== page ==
I’ll bet you thought you’d never see Rich here on this blog again after last time when he wrote about Self-Promoting My Self Promotion. Or the time before that with Show and Tell, But Opposite. Sorry, ladies and gentlemen, but he’s back. Color me crazy, but I have a major weakness for Rich’s brand of humor.
It has nothing to do with the bribes.
Editing — The Sequel by Rich Keller
Pat, thanks for giving me another chance to soil your pristine website with my words. I’m honored you made this decision with absolutely no influence on my part. By the way, I’ll pick up your laundry tomorrow and have that second coat of wax on your car by Sunday.
So, what’s new with you? Summer been okay so far? Been combining some needed relaxation with manic sessions of writing? Well, good…that’s good. Me? Oh, I’ve just been working on my manuscript Paradise Not Quite Lost for its Upcoming Publication From BALLOT PRESS!
I’ll wait until the standing ovation settles down. Um, you are giving me a standing ovation and not leaving the room, right?
The publication is a momentous event for me – ranking up there with my wedding, birth of my children, and Joss Whedon’s upcoming Agents of S.H.I.E.L.D. I feel there’s a layer of weight lifted from one’s shoulders when a company comes along and says they like your work so much they want to take a risk to see if the reading public enjoys it as well. However, the pressure doesn’t totally disappear, because there’s still work to be done. No, I’m not talking about the promotions, readings, interviews, and the required meeting with Bradgelina. The work I refer to is the return of your arch nemesis – editing.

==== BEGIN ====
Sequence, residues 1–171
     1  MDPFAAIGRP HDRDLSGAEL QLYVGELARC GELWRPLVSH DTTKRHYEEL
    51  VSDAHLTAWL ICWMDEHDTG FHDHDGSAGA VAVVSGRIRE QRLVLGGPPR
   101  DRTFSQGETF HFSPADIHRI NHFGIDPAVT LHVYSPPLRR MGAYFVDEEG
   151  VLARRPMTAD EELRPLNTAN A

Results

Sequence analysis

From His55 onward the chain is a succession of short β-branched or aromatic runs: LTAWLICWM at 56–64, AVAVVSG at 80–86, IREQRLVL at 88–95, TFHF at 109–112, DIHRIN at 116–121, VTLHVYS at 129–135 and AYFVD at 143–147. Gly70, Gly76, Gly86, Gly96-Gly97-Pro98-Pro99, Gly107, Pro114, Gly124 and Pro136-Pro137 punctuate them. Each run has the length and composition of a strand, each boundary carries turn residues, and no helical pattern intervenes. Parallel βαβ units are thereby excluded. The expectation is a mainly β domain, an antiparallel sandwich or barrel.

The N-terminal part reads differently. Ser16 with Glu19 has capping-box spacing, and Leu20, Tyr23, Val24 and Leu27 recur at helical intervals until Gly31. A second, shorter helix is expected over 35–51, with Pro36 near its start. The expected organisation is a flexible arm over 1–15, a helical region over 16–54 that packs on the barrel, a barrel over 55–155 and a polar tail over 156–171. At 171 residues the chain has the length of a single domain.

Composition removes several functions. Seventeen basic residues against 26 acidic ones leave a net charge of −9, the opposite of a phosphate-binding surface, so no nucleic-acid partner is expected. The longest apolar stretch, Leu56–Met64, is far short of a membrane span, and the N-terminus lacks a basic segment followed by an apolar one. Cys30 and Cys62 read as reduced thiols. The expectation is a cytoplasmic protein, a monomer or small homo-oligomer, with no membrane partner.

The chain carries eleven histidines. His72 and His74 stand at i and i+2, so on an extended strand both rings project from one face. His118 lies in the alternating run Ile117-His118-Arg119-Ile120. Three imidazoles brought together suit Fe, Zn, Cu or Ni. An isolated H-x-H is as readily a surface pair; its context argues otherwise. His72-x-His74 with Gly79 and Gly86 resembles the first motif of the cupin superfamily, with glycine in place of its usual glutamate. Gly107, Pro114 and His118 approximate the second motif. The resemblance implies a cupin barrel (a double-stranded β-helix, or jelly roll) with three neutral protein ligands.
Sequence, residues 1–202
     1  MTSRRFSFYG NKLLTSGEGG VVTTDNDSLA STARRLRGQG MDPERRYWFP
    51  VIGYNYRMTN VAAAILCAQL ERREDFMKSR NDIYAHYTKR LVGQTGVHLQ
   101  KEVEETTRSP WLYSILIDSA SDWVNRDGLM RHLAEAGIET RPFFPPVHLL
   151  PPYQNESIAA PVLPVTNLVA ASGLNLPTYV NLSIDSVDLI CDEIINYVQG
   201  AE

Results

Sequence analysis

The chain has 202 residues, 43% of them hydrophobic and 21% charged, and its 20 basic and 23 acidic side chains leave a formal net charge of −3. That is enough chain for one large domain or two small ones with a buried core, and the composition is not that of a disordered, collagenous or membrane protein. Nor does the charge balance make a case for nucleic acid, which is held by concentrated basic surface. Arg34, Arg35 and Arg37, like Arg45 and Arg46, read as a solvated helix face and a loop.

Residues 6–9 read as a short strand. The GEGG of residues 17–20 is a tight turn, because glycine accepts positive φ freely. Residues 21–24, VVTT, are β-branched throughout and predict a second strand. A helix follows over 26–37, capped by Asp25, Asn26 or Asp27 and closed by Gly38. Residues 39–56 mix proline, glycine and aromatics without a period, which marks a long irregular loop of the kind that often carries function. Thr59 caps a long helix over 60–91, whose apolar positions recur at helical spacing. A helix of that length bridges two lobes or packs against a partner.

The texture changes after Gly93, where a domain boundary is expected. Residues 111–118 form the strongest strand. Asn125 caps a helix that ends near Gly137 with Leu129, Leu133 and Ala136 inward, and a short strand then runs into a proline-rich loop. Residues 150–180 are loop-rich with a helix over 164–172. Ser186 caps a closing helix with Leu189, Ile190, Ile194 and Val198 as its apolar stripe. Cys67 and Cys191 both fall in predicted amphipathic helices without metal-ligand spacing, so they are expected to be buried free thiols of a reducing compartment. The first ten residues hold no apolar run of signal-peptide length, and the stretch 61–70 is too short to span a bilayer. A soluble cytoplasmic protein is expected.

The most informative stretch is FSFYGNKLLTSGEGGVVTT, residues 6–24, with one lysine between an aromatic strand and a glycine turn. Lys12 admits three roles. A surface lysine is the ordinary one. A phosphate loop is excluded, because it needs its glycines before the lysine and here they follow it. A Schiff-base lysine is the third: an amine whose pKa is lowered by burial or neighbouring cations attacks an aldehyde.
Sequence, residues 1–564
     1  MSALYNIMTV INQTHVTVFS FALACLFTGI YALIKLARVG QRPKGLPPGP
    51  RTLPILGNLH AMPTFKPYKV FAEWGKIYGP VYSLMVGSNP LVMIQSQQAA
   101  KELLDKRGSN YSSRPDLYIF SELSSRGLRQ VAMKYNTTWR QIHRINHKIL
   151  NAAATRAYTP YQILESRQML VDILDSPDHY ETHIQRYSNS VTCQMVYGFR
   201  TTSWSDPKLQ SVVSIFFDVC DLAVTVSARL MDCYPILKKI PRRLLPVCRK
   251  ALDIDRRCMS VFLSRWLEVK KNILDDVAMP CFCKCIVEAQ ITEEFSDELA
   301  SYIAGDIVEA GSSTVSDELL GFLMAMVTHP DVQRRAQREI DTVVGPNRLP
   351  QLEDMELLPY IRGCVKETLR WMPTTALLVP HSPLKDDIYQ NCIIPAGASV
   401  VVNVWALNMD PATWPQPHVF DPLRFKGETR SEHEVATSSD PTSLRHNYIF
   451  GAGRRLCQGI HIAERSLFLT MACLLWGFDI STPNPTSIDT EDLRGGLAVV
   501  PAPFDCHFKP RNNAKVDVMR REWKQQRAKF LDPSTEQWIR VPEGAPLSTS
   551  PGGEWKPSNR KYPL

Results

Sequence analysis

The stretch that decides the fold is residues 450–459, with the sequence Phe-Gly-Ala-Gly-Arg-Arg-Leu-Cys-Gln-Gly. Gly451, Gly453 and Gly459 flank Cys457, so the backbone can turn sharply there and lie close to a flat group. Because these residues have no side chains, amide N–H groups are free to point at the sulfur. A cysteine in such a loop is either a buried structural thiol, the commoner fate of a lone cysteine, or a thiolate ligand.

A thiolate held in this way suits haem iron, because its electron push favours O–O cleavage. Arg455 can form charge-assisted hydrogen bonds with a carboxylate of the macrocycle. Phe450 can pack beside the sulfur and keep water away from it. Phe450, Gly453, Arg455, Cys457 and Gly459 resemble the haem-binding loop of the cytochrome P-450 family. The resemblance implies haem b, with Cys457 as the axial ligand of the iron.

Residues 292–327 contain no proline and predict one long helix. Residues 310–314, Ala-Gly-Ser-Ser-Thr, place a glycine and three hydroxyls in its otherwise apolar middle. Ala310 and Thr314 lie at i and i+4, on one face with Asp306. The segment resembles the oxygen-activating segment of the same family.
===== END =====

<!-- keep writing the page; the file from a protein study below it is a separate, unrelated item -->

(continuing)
You thought you were done with this part of the book writing process, didn’t you? Your critique group, personal editor friend, and over-critical mother all went through your manuscript with a fine tooth comb, and you figured you caught every grammatical error and content issue. Well, of course you didn’t. Similar to any decent week-old bowl of chocolate pudding, the first round of edits were just the rubbery skin you needed to pull off the top before you got to the slurpy part. Wait, let me read that again… Yup, good analogy.
Your group, editor friend, and obsessive parent cleared away most of the chaff. Now it’s time for the publishing house’s editor to analyze your manuscript for some fine tuning. Trust me, they’ll find stuff you didn’t even realize you produced while writing your werewolf/steampunk/romance/slasher book. And when they do, you’ll be shocked.
For example, the Ballot Press editor discovered my weakness for utilizing dependent clauses throughout the manuscript and putting an action sentence before a speaking part, thus burying the dialogue. She also pointed out my excessive use of ‘to be’ words, particularly the word ‘was’. Turns out ‘was’ became my crutch word throughout the book. I nearly fell off my chair when I did a search on the word and came up with 700 instances in a 90,000 word document. Sometimes I used the word two or three times in one sentence.